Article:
Files in this item



application/pdfSuhas_Somnath.pdf (23MB)
(no description provided)PDF


Title:Fundamentals of heat transfer and thermal-mechanical control for improved atomic force microscopy
Author(s):Somnath, Suhas
Director of Research:King, William P.
Doctoral Committee Chair(s):King, William P.
Doctoral Committee Member(s):Ferreira, Placid M.; Cahill, David G.; Pop, Eric
Department / Program:Mechanical Sci & Engineering
Discipline:Mechanical Engineering
Degree Granting Institution:University of Illinois at Urbana-Champaign
Subject(s):Atomic Force Microscopy (AFM)
heated cantilever
heat transfer
temperature control
magnetic actuation
Lorentz force
parallel imaging
thermomechanical lithography
scanning thermal microscopy
tapping-mode atomic force microscopy (AFM)
Abstract:This dissertation presents novel atomic force microscope (AFM) cantilevers and cantilever technology that improve the measurement rate and precision of AFM. AFM cantilevers with integrated heater-thermometers can generate and sense heat flows to measure and manipulate matter at the nanometer scale. These heated cantilevers have been used for local measurements of material properties, tip-based nanomanufacturing, high-density data storage, and thermal topography imaging. This work focuses on thermal topography imaging wherein the cantilever measures the surface topography by tracking changes in the cantilever heat flow. This work shows the experimental and numerical investigation of cantilever heat transfer to substrates. The investigations show that the cantilever measures the topography height regardless of the substrate material properties. The lateral heat flow from the cantilever varies with the topography dimensions and causes the thermal topography to differ from the actual substrate topography. Insights from these investigations reveal a technique that corrects the thermal topography by eliminating most of the lateral heat flow from the cantilever. Arrays of cantilevers can significantly improve the measurement area and speed of AFM but array technology has been mostly inaccessible due to the need for specialized hardware. This dissertation reports the scalable integration of an array of 5 heated cantilevers into a commercial AFM using simple hardware and software. Cantilever temperatures are controlled in closed-loop feedback with 2 ˚C accuracy and 0.1 ˚C precision using analog circuitry rated at 1 MHz bandwidth. Analog cantilever temperature control is autonomous, inexpensive, scalable, and fast compared to conventional software implementations. The cantilever array performs parallel AFM imaging of a 550 µm × 90 µm area at 1.1 mm/sec with 0.6 nm vertical resolution and at 4.0 mm/sec with 44 nm wide pixels. The measurement rate was improved by more than 2 orders of magnitude compared to conventional AFM with a single cantilever. To demonstrate the ability to manufacture and repair nanostructures, the array performs multiple iterations of parallel nanolithography and topography imaging. Heated cantilevers are limited in their ability to precisely measure and control tip-sample forces due to parasitic resonances introduced by conventional piezoelectric actuators. This dissertation presents the development of two heated cantilevers designed for electromagnetic Lorentz force actuation. Electrical current passing through a U-shaped cantilever in the presence of a magnetic field induces a Lorentz force on the cantilever free end, resulting in cantilever actuation. These Lorentz-thermal cantilevers generate up to 7X larger Lorentz force and 2X larger oscillation amplitude compared to the state-of-art heated cantilevers. When used for thermal topography imaging, the Lorentz-thermal cantilevers can measure topography with vertical resolution of 0.2 nm.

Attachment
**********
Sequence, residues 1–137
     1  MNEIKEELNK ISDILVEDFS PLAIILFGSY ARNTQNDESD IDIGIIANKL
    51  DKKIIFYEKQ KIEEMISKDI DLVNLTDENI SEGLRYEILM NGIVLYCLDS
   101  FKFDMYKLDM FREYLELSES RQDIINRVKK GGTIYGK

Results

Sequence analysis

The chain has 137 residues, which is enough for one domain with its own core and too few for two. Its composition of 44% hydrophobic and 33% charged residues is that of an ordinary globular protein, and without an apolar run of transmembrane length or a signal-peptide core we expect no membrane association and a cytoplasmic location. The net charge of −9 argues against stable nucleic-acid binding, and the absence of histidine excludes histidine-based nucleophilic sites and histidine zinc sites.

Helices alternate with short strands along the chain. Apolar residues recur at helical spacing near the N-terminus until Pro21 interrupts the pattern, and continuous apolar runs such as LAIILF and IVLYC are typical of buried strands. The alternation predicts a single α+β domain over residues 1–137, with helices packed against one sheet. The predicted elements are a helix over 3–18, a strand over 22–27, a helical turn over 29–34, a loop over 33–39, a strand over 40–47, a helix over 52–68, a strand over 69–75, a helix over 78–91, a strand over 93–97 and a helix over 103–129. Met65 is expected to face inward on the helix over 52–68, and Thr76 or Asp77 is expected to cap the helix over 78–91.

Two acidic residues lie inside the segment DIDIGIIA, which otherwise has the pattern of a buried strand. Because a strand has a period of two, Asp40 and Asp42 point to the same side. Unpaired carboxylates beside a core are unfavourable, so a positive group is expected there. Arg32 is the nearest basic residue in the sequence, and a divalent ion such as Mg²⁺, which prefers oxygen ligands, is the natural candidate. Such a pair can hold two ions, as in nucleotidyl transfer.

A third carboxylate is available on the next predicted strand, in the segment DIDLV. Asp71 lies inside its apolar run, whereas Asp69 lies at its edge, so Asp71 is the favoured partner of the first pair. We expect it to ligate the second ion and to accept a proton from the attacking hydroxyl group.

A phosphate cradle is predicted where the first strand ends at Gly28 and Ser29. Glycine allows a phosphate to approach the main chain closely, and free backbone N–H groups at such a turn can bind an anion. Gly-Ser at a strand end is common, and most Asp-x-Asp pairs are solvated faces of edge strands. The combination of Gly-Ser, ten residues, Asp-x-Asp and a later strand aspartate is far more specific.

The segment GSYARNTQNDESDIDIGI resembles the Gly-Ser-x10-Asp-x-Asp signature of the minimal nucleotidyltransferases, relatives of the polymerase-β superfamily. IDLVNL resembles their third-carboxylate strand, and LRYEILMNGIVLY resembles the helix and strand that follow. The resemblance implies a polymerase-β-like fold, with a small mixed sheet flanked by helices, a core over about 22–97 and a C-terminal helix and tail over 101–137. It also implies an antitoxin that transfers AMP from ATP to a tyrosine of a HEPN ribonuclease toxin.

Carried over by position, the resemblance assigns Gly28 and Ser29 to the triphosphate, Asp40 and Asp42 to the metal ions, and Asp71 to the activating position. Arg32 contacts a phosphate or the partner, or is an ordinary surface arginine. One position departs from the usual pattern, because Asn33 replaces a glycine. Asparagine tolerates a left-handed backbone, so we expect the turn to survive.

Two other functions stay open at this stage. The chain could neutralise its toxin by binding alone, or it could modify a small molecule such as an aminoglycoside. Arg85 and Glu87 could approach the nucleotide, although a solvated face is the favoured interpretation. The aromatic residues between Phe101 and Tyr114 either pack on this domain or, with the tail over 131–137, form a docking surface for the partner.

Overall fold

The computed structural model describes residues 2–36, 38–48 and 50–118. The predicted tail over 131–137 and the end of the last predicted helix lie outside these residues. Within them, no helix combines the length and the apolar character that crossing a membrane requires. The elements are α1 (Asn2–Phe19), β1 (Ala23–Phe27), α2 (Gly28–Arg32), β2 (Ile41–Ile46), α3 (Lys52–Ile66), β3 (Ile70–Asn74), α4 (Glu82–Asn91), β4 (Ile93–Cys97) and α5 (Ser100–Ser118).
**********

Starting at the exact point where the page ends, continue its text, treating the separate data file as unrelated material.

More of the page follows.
Issue Date:2014-09-16
Rights Information:Copyright 2014 Suhas Somnath
Date Available in IDEALS:2014-09-16
Date Deposited:2014-08

This item appears in the following Collection(s)

Item Statistics